The Keras MNIST Example using Model Instead of Sequential

Just for fun, I decided to code up the classic MNIST image recognition example using Keras. I started by doing an Internet search. I found the EXACT same code repeated over and over by multiple people. The original code comes from the Keras documentation. I was stunned that nobody made even the slightest effort to add something new.

So, I figured I’d refactor the code to use the Model() approach rather than the Sequential() approach. The Sequential() approach creates a model like this:

model = Sequential()
model = model.add(Conv2D(32, input_shape=(28,28,1)))
etc, etc, for 8 layers

The Model() approach look like:

X = Input(shape=(28,28,1))
layer1 = Conv2D(32)(X)
layer2 = Conv@d(64)(layer1)
etc, etc
model = Model(X, layer8)

The exercise allowed me get insights into exactly how CNN image classification works using Keras. Like everyone I know, I learn by starting with some working code, often from documentation, but then the key is to experiment with the code.

# exp.py

from __future__ import print_function
import keras
import numpy as np
from keras.datasets import mnist
from keras.models import Sequential
from keras.layers import Dense, Dropout, Flatten
from keras.layers import Conv2D, MaxPooling2D
from keras import backend as K

bat_size = 128
epochs = 3

(x_train, y_train), (x_test, y_test) = mnist.load_data()
x_train = x_train.reshape(60000, 28, 28, 1)
x_test = x_test.reshape(10000, 28, 28, 1)

x_train = x_train.astype(np.float32)
x_test = x_test.astype(np.float32)
x_train /= 255
x_test /= 255

y_train = keras.utils.to_categorical(y_train, 10)
y_test = keras.utils.to_categorical(y_test, 10)

# model = Sequential()
# model.add(Conv2D(32, kernel_size=(3, 3),
#                  activation='relu',
#                  input_shape=input_shape))
# model.add(Conv2D(64, (3, 3), activation='relu'))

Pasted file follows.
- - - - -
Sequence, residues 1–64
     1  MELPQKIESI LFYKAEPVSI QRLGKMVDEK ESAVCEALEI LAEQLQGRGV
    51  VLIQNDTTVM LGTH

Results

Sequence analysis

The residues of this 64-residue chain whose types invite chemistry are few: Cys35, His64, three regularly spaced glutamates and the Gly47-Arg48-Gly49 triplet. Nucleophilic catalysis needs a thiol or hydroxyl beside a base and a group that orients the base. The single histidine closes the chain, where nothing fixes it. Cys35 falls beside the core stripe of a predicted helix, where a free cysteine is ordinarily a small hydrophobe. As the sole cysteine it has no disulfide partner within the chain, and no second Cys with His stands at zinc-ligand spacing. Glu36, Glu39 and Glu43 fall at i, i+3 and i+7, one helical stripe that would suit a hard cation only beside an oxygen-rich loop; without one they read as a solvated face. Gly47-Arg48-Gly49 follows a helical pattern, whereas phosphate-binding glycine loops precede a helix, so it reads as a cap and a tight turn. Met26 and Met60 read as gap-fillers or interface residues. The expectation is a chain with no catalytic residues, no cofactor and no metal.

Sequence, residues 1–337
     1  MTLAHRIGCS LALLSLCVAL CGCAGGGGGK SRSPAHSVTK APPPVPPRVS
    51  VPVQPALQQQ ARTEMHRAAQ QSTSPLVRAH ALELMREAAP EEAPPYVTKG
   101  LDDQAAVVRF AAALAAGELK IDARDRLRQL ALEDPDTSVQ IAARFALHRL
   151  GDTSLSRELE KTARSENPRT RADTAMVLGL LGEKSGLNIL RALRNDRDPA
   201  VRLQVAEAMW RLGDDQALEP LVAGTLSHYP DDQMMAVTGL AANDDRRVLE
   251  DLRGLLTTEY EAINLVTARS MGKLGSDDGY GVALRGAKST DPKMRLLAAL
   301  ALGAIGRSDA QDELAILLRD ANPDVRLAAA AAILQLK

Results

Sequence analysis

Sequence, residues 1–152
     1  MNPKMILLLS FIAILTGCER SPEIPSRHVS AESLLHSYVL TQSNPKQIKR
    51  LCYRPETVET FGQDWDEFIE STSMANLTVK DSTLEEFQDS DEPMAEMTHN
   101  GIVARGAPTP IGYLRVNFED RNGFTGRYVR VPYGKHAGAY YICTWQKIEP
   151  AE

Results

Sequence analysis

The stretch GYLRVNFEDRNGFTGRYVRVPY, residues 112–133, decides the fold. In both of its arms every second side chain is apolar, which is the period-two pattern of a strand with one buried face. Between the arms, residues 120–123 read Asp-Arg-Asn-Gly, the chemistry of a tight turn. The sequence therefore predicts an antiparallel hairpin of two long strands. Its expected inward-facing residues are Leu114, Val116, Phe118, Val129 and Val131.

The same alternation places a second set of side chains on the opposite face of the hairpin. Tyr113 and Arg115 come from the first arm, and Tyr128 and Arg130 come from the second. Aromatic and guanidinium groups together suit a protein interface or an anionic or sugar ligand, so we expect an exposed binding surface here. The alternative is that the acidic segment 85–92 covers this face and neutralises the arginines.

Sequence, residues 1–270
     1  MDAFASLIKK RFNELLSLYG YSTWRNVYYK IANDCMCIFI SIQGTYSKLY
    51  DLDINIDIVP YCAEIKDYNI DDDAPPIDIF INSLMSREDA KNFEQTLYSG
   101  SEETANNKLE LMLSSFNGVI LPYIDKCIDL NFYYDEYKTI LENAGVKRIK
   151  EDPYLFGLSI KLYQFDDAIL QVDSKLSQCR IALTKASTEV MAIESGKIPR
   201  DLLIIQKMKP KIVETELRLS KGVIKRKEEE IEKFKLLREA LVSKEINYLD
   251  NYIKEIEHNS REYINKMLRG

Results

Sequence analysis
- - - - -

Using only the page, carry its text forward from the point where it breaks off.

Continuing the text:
# model.add(MaxPooling2D(pool_size=(2, 2)))
# model.add(Dropout(0.25))
# model.add(Flatten())
# model.add(Dense(128, activation='relu'))
# model.add(Dropout(0.5))
# model.add(Dense(num_classes, activation='softmax'))

X = keras.layers.Input(shape=(28,28,1))
layer1 = Conv2D(filters=32, kernel_size=(3, 3),
  activation='relu', padding='valid')(X)
print(layer1.shape)
layer2 = Conv2D(filters=64, kernel_size=(3, 3),
  activation='relu')(layer1)
print(layer2.shape)
layer3 = MaxPooling2D(pool_size=(2, 2))(layer2)
print(layer3.shape)
layer4 = Dropout(0.25)(layer3)
print(layer4.shape)
layer5 = Flatten()(layer4)
print(layer5.shape)
layer6 = Dense(128, activation='relu')(layer5)
print(layer6.shape)
layer7 = Dropout(0.5)(layer6)
print(layer7.shape)
layer8 = Dense(10, activation='softmax')(layer7)
print(layer8.shape)

model = keras.models.Model(X, layer8)

model.compile(loss=keras.losses.categorical_crossentropy,
  optimizer=keras.optimizers.Adadelta(),
  metrics=['accuracy'])

model.fit(x_train, y_train, batch_size=bat_size,
  epochs=epochs, verbose=1)

score = model.evaluate(x_test, y_test, verbose=0)
print('Test loss:', score[0])
print('Test accuracy:', score[1])


Hogwart’s school made entirely from matchsticks.

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One Response to The Keras MNIST Example using Model Instead of Sequential

  1. PGT-ART says:

    As your into keras, would this work on a intel-movidius compute stick ?
    (IOT usb based hardware neural network)

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